98 Chevy Truck brake line bleeding.

Messages
178
Location
Pennsylvania
Wife came home the other night and said the brake light on the dash was on and that the emergency brake was released so it wasn't that. Gave her some credit for that! I checked the fluid level in the master cylinder and it was low. Crawled under it and saw a leak in the metal hydraulic line running back to the rear brakes. So I replaced a 6 foot section of the line without difficulty and had my daughter help me bleed the system after filling up the master cyl. with fluid. We pumped a lot of fluid out at the rear bleeders and got no air......all fluid. I guess my question is if we didn't get any air out back there after replacing 6 feet of line we didn't pump enough fluid out yet? Bad thing is I moved to the front calipers doing things in the proper order and both bleeders are corroded to nothing! I have reman. calipers coming from Rockauto so I can properly bleed entire system but expected to get air out at the rear since the line replaced feeds the back brakes? Any insight please? Thanks, Scott
 
Messages
4,437
Location
Guilford, CT
You shouldn't really need to bleed the fronts if you only opened a rear line. I just replaced a front brake line on the Explorer yesterday. I only bled that one front corner and that's it. I have a nice firm pedal.
 
Messages
25,814
Location
Upstate NY
Well I hope you used copper/nickel brake line. Or you will be doing it again. Your post does not mention how good or bad the brakes are now? Before I would replace the front calipers I would get some new bleeder screws, they spray PB Blaster, wait overnight and spray more, wait 5 minutes and try with vise-grip or a rounded bolt remover socket.
 
Messages
1,819
Location
ventura, ca
It might not be the same set up but on my 94 I had to have the key on so the ABS stuff was working or I didnt get much pressure to the rears. If you had good pressure when you bled it then that may not be the case for a 98.
 
Messages
36,461
Location
ME
If it was leaking it could have done a "gravity bleed" without you knowing it. Yeah it might have sucked in a pico liter of air when driving it before but the gravity popped it back out. It sounds like you got to it before the master cylinder ran dry, a good thing. If it feels solid you're GTG.
 
Messages
25,945
Location
MA, Mittelfranken.de
Put the rear up on ramps or stands and tap the caliper with a rubber mallet or dead blow hammer a few times then have someone push the pedal and loosen the bleeder.
 
Messages
1,697
Location
Auburn, GA
Agreed with others, it should be fine. Your '98 - is it an NBS (GMT800 - 2000's body style)?? Or the older GMT400 (90's body style)? If the GNT800 - the rusted brake lines is a SUPER common problem. Thousands of complaints to the NHTSA, and no recall. They do make a 'service kit' though that replaces the 5 main lines in the truck, pre-bent and coated with some black stuff that they probably should have been from the factory - (2) from the master to the BAS pump. Then (1) from the ABS pump to the rear axle, and (1) to each front wheel from the ABS pump. I'm in the middle of replacing all 5 lines right now in a customers '02 Avelanche.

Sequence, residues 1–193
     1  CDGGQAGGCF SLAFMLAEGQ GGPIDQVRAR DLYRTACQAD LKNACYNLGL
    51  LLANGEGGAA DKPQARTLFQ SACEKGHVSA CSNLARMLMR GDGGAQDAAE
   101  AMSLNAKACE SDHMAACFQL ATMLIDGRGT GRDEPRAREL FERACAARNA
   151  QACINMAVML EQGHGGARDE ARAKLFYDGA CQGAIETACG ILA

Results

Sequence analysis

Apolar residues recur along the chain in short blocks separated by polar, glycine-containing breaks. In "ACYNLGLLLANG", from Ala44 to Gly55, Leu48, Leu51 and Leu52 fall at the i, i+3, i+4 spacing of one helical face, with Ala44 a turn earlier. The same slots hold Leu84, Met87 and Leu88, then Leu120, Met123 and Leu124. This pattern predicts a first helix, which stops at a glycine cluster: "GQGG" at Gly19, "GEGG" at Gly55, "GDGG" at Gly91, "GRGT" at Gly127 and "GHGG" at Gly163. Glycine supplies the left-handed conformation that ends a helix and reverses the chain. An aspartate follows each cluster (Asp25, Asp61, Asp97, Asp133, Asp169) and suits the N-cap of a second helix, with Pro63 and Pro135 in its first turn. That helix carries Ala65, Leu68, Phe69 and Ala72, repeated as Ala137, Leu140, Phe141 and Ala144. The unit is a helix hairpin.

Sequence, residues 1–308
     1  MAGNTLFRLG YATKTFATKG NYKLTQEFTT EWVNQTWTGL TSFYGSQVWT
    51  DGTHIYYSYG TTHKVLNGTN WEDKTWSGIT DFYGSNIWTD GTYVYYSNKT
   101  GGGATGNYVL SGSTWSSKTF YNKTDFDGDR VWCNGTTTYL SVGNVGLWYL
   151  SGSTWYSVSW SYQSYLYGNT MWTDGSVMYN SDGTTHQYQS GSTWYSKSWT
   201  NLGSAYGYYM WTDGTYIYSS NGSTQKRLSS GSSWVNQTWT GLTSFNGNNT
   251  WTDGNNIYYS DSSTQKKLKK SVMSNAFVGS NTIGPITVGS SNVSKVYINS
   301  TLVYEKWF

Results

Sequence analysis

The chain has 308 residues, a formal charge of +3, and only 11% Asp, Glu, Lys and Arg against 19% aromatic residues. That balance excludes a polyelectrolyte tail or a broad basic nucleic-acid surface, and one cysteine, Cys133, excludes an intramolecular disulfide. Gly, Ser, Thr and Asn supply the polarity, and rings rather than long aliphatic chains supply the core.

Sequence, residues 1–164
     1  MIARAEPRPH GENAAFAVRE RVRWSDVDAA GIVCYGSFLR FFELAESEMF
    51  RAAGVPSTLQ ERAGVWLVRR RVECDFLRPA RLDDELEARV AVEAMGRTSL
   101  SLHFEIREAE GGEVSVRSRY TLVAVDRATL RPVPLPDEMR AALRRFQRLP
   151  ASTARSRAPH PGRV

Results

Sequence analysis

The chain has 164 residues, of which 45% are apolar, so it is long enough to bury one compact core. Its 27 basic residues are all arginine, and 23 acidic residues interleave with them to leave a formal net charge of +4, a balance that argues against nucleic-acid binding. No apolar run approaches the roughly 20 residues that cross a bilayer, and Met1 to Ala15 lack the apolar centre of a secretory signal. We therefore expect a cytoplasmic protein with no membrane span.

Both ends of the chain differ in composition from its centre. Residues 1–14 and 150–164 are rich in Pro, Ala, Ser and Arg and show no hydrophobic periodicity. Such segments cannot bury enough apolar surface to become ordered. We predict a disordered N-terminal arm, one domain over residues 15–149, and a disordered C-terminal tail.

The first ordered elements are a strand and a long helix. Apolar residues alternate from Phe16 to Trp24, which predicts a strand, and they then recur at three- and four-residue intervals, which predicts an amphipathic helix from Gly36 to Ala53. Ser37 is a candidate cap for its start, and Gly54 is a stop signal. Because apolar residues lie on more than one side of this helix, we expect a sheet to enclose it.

wolfehunter

Thread starter
Messages
178
Location
Pennsylvania
It is the older body style (90's). I will try it with the ignition on and see if that makes a difference as the brakes feel a little spongy or soft. But I remember they always felt a little soft compared to the other cars we have. This is not a daily driver so it is hard to notice any difference. I "jumped" on the brakes on a dirt road near home and could only get the front tires to drag. Gonna try and bleed the rears again with ignition on and see if any difference. Next question: How do I get the brake light on the dash to go out?
 
Messages
8,598
Location
Florida
Originally Posted By: wolfehunter
It is the older body style (90's). I will try it with the ignition on and see if that makes a difference as the brakes feel a little spongy or soft. But I remember they always felt a little soft compared to the other cars we have. This is not a daily driver so it is hard to notice any difference. I "jumped" on the brakes on a dirt road near home and could only get the front tires to drag. Gonna try and bleed the rears again with ignition on and see if any difference. Next question: How do I get the brake light on the dash to go out?
If the system is full, I would suspect a fluid level sensor is no working correctly. It can happen when working on an old brake system that hasn't been opened in a long time.
 
Messages
1,697
Location
Auburn, GA
Those brakes never felt 'good' from the factory. GM designed a brilliant (on paper at least) variable pressure master cylinder that varied output pressure based on piston speed (how fast or slow you pushed the pedal). It's common for people to swap the 'NBS' master cylinders into these trucks for significantly better pedal feel. If there's no air in it - just drive it.
 
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Messages
5,651
Location
Iowa
Try adjusting the rear brakes up some- just until they start dragging. If they are too far away from the drum, the the pedal will have extra travel, feel soft or mushy and they often won't have the grab they should.
 

wolfehunter

Thread starter
Messages
178
Location
Pennsylvania
I ended up gravity bleeding the rear line and got air out of them. Light went out on the dash and feel of brake is back to normal. thanks for the suggestions!
 
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